Sometimes church wars are winnable; sometimes they're not.
As a teen during World War II, I kept a scrapbook of newspaper clippings recounting the battles raging in Europe and the Pacific. Every evening at 6:00, I tuned in to Gabriel Heater on WWOR in New York, wondering whether he'd open his radio newscast with "Ah yes, there's good news tonight" or, "There's bad news tonight."
After World War II, we knew that wars could be just, and they were winnable.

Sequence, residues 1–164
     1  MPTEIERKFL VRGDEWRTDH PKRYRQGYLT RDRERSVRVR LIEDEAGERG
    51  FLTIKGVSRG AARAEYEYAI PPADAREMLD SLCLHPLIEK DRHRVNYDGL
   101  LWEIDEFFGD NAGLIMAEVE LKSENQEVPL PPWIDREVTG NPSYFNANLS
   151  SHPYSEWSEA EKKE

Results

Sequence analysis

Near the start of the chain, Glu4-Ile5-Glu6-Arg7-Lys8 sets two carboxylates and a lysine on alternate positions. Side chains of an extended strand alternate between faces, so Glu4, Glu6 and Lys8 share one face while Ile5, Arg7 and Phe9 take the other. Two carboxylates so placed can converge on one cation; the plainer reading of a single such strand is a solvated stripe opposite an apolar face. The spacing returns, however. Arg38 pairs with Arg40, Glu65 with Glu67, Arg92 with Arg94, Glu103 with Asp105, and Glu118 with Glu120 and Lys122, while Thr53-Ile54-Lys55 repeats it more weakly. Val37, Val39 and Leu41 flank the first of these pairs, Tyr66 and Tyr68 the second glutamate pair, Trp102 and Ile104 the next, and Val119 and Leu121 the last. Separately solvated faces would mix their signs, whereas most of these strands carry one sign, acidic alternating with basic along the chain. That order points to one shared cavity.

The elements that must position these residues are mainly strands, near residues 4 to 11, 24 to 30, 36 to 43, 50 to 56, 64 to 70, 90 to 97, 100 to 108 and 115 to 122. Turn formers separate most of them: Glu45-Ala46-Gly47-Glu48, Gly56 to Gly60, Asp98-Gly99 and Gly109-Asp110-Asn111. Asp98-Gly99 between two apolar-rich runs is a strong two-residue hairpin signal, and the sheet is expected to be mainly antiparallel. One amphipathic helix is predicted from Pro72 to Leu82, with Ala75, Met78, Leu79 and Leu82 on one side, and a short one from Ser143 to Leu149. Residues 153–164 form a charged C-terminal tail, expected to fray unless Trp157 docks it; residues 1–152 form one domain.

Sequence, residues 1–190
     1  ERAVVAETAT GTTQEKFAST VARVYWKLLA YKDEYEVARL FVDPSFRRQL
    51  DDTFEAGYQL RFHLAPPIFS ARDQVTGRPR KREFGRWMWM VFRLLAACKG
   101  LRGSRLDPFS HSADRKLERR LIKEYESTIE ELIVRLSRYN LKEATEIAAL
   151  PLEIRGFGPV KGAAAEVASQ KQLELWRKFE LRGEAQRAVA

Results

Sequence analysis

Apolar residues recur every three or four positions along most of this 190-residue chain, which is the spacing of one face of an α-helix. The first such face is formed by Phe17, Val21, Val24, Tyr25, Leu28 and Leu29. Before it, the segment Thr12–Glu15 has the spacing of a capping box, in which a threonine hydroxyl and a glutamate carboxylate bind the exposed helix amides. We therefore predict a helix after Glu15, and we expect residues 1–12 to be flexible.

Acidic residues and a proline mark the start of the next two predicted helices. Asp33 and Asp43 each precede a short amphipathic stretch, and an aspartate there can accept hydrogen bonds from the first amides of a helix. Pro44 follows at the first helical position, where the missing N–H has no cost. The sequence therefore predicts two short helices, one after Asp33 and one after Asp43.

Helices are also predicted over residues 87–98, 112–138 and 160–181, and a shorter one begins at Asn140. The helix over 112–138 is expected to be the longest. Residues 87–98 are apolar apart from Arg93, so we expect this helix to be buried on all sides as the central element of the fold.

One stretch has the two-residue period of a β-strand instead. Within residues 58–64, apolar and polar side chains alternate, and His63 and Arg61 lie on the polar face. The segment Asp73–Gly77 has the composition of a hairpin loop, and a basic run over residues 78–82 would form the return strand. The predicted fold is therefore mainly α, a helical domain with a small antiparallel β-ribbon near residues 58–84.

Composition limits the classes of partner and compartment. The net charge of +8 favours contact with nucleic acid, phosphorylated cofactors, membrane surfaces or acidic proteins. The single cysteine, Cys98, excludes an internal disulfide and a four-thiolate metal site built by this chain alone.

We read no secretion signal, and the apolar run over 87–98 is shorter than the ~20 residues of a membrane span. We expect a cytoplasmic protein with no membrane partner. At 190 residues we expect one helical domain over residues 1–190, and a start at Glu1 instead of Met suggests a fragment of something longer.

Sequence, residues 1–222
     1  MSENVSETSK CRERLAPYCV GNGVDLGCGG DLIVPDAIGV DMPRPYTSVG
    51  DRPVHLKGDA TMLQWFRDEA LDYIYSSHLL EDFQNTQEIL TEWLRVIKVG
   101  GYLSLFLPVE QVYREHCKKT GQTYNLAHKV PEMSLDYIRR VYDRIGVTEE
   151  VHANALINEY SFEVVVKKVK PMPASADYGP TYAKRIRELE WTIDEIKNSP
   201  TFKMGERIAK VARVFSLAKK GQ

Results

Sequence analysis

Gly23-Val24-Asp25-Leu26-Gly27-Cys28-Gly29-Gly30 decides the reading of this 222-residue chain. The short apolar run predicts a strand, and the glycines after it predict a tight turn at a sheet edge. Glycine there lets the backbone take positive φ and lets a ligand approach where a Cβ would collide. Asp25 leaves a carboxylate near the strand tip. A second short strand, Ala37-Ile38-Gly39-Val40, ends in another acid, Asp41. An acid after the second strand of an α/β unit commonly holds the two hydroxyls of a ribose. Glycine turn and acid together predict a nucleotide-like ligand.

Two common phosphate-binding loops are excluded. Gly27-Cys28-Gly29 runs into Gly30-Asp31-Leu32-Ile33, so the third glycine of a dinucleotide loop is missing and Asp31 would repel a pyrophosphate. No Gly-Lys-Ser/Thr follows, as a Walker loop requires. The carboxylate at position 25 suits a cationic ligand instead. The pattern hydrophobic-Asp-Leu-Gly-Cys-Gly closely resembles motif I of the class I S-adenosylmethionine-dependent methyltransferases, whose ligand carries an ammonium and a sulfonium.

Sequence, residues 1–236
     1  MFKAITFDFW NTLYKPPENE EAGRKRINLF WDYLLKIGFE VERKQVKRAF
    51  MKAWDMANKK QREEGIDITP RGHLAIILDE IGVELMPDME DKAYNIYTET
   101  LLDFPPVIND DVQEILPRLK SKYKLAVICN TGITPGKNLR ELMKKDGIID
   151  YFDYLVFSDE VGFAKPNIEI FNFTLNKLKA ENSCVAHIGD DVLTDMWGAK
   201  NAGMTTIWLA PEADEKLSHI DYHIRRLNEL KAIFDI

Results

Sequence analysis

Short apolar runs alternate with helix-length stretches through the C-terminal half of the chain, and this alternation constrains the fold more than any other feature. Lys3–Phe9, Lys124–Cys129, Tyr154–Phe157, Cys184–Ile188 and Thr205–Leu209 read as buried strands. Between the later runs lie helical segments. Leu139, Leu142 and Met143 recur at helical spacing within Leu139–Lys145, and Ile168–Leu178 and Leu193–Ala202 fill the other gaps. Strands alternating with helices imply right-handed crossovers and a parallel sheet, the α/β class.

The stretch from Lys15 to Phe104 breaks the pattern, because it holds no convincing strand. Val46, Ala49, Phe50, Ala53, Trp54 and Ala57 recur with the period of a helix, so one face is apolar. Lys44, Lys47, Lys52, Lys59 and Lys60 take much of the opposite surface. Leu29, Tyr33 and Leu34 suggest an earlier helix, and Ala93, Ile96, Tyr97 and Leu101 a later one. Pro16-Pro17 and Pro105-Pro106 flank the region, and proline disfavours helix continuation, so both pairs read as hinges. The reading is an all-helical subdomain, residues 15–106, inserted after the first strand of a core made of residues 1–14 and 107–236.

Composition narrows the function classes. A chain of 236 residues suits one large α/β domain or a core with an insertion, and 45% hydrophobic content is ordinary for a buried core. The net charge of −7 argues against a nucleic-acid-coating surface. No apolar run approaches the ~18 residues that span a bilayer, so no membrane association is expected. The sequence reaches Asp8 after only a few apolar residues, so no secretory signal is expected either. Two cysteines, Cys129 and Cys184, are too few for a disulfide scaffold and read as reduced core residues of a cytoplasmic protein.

I felt drawn to the military. I enlisted in the Air Force during the Korean conflict, and in 1965 I almost went to Vietnam. I seriously considered a commission as an army chaplain. A retired colonel in our church talked me out of it, though, arguing that the congregation needed me.
Vietnam, however, taught us all a bitter lesson: some wars are unwinnable.
During my years as a pastor, I experienced both kinds of wars within the church. Sometimes church wars are winnable; sometimes they aren't.
In 1950 my fiancée, ...1